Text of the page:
The land along the coast of the Beaufort Sea and in the vicinity of The Pingo Canadian Landmark is low and featureless in many places. Any geographical feature that breaks the horizon serves as a nakataq (landmark). The larger pingos make excellent landmarks throughout the year. They stand out in the distance and help people know where they are when they are travelling on the ocean and inland.
A larger pingo serves as a good lookout, or nasisaqturvik, because it is often the highest point around. People may use them to look for game, for other travellers, or to check the condition of the sea ice.
Hunting blinds are locally known as “hideouts” or talut in Siglitun. Hunters construct hideouts using the driftwood found in abundance along the coastal beaches. Sometimes, hunters use willows as hideouts in places that lack driftwood, such as in dry lakes. In addition to using hideouts, hunters often wear white parka covers to prevent geese from seeing them.
Tuktoyaktuk elder, Noah Felix, spoke about the use of hideouts in a July 2000 interview:
[There] are lots of hideouts [along] this beach . . . I used to hunt [here] when I was younger. I used the same place, and it’s the same good place. That was 30 or 40 years ago . . . The geese still use it . . . they always seem to go by there. Maybe because of the hill [pingo], or maybe the wind is just right for them, or they like the place.
A hideout or talut (Parks Canada)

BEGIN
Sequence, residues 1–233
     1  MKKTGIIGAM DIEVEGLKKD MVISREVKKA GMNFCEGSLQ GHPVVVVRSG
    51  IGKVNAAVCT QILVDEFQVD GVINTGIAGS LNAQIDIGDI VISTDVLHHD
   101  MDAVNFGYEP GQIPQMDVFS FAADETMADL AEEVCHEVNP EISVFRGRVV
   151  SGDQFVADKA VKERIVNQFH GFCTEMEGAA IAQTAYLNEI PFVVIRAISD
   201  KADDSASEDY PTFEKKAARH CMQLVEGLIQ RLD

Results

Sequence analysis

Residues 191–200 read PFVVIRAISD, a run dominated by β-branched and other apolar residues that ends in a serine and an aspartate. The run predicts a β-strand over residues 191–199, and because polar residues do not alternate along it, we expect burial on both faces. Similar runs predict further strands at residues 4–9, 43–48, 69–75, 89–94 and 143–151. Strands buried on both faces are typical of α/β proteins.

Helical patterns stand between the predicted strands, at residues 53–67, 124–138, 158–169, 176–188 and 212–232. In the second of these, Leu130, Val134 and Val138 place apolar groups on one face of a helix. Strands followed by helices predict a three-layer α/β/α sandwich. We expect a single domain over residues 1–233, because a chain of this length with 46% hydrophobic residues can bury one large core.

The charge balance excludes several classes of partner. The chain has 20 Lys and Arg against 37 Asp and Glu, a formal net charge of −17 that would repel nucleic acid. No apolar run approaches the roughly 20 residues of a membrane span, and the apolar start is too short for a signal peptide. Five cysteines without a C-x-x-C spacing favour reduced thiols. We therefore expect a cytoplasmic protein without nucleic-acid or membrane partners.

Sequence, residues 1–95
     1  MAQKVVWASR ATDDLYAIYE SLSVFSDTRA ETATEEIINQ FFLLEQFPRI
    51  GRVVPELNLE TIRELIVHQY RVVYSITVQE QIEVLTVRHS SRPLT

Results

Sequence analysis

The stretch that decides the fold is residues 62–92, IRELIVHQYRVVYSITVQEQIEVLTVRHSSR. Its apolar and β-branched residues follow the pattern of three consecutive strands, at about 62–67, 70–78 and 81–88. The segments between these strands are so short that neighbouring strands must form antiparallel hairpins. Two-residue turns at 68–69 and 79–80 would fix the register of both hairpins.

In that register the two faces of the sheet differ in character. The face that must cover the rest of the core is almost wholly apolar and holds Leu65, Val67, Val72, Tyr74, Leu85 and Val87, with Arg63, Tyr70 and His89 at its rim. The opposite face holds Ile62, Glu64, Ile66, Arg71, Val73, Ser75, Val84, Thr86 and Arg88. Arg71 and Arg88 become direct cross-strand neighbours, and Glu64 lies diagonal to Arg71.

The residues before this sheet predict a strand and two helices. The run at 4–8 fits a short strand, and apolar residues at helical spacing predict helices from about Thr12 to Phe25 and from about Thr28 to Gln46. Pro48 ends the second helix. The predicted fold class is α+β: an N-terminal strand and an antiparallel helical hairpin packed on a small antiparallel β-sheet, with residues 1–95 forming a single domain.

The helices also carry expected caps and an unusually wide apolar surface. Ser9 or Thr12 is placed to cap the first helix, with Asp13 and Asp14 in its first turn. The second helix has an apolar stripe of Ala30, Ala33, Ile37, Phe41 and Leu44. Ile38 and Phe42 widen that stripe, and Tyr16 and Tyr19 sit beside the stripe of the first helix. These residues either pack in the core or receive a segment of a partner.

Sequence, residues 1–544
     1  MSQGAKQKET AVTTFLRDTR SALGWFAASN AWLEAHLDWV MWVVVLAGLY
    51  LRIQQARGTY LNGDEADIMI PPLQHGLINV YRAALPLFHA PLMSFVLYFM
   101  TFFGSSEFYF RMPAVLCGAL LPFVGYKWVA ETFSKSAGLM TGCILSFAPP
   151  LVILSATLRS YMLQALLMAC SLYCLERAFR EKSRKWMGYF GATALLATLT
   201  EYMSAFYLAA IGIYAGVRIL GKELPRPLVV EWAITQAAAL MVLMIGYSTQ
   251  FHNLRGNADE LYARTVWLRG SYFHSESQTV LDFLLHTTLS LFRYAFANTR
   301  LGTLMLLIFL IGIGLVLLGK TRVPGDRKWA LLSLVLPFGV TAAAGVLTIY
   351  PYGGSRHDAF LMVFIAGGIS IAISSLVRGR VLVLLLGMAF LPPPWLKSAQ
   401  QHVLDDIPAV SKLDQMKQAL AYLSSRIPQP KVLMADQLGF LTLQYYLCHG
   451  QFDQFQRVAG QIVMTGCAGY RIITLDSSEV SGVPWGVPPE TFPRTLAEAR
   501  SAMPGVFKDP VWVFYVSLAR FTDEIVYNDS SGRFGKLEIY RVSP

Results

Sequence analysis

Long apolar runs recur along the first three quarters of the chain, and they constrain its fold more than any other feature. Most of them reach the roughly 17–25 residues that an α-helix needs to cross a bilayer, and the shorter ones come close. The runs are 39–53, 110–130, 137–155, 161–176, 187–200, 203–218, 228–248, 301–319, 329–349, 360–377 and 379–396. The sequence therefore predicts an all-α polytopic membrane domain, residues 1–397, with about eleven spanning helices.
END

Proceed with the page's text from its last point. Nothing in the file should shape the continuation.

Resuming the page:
Two men and caribou carcasses inside a tunnel in a pingo, used as a meat freezer in Tuktoyaktuk. Date: Unknown (NWT Archives/Northwest Territories. Department of Information fonds/G-1979-023: 2321)
Harvesting at the landmark
Pingo in background [There are a snowmobile, a komatik and 3 people in the foreground.]. Date: [1968?] (NWT Archives/Norris Hunt fonds/N-2003-023: 0047)
Cotton grass serves a number of important functions to Inuvialuit. Cotton is part of the fire-starting kit and is used to catch and hold a spark. A spark was once made by striking a flint against a piece of pyrite, or later, a file or some other iron object. Seed heads can also be collected and twisted into wicks for a family’s stone or clay lamp.
Berries are abundant in many places within the landmark and have always been important to the Inuvialuit as a nutritious and delicious food. Lingonberries (Vaccinium vitis-idaea), locally known as cranberries, have pink flowers that develop into bright red, seedless berries by late August.
The white flowers of cloudberries (Rubus chamaemorus) come out in June while the orange berries ripen in late July. Historically, people stored cloudberries under moss in birch bark baskets, where the permafrost prevented them from spoiling in the heat or from freezing too hard in the winter.
Blueberries (Vaccinium uliginosum) are also found at the landmark. Blueberry stems and leaves can be boiled to make a tea for cold symptoms. Additionally, it’suh, a traditional dessert made from pounded dry fish, is prepared with cranberries or blueberries.
Visitors are not allowed to pick berries within The Pingo Canadian Landmark boundaries.